On the other hand, despite repeated requests to have separate Native American units, natives were forced to integrate with white troops. The official policy predicted it would help them assimilate into the greater society when the war was over. However, if an Indian belonged to a tribe that was not yet federally recognized, he was placed in the all-black units (it’s usually here when my students finally laugh at the absurdity of this logic…they’ve looked behind the curtain, and they’re starting to get it.)
As a history teacher, I have wondered how much these policies have even affected how we are asked to teach our students. The Civil War lasted five years. The textbook my school uses dedicates three entire chapters to the war and the abolition of slavery, besides two additional sections in previous chapters that focus on the African American experience and condition in the South. The Indian Wars lasted approximately 25 years (if you believe the argument that the “Indian Wars” only started after the Civil War). In comparison, the textbook dedicates only 2 ½ pages in one section of a greater chapter called The Trans-Mississippi West.
Why the difference? I believe the answer is easily understood, though very unintentional. We can look back at the Civil War and be proud that America, in the end, did what was morally right. Not so with the Indian Wars. They were always seen, and perhaps still are, as unpleasant…but necessary. There was no happy ending, no celebration of final justice. So, we grant it a small section…and move on.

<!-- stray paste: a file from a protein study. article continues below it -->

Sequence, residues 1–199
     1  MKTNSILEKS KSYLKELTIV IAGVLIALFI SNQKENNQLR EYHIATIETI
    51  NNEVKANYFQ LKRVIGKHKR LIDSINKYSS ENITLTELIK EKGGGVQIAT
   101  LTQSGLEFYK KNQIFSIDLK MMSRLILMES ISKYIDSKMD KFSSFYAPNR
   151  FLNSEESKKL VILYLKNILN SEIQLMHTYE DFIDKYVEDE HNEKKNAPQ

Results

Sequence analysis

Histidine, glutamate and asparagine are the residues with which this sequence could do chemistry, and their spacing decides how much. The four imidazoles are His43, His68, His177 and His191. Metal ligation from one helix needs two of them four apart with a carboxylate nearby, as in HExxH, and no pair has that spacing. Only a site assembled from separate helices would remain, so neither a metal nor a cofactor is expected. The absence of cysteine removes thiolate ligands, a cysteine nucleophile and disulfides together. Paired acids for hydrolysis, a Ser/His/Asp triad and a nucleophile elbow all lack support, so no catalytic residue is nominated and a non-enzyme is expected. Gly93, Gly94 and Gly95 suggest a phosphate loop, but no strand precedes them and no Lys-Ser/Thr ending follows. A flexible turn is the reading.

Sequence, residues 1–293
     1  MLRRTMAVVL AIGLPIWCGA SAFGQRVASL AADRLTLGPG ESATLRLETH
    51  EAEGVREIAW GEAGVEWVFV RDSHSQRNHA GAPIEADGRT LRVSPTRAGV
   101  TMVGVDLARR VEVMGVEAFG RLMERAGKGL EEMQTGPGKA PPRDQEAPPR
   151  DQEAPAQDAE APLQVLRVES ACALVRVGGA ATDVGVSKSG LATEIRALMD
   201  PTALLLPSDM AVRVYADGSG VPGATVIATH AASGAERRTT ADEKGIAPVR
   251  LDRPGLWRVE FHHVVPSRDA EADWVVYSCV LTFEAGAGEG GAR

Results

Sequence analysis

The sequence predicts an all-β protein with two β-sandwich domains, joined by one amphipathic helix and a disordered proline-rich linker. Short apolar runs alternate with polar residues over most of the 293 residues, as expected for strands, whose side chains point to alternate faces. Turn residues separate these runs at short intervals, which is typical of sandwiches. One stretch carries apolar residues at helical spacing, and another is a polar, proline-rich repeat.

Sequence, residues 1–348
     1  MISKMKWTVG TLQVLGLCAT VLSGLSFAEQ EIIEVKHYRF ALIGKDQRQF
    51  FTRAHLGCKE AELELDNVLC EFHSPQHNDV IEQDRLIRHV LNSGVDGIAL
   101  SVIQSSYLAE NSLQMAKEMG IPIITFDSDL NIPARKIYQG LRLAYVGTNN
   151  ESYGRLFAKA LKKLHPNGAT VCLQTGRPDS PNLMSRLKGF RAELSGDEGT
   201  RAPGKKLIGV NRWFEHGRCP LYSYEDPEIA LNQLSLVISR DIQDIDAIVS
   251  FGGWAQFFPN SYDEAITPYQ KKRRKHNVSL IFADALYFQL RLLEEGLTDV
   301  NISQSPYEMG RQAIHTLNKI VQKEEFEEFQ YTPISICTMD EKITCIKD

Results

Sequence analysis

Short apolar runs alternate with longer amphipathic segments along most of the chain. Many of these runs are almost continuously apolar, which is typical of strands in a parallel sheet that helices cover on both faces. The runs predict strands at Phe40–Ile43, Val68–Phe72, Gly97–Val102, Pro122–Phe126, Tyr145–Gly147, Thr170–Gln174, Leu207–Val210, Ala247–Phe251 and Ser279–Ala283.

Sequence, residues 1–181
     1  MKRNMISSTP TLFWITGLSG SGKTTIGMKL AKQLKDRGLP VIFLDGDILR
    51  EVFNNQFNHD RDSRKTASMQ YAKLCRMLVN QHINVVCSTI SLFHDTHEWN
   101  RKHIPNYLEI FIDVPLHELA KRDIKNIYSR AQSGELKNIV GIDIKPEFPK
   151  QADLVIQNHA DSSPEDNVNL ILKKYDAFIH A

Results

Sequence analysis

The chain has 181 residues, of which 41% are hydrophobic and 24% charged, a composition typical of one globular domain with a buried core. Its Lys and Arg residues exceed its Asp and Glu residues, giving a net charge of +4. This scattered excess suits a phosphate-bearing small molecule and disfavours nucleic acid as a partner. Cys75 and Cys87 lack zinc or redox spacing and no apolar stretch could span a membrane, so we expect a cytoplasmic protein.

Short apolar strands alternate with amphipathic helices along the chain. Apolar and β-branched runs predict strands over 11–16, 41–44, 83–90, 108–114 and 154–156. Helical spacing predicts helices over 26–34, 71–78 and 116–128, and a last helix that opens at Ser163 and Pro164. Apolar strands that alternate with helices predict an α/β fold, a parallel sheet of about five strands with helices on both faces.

I believe we can even see the effects of these racial policies in the identities of the average American, today. The truth is, blacks and whites have mixed more than any other two races in this country. Indians and whites have mixed the least. Yet, I’ve never heard anyone brag, “You know, I’m part black.” If they’re not telling me about their distant claim to Indian ancestry, then they’re telling me how they wish they had some. I am no exception, having always identified more with my mother’s ancestry than my father’s. Why? Because she is Cheyenne, and he is German; because most of us would rather identify with the oppressed than with the oppressor. And so I dance at pow wows rather than Octoberfest. There’s not the same “need” to claim African descent, because the right thing was eventually done (though not completed).

They pulled the strings, and we’re still dancing.

Well…at least they gave us mascots.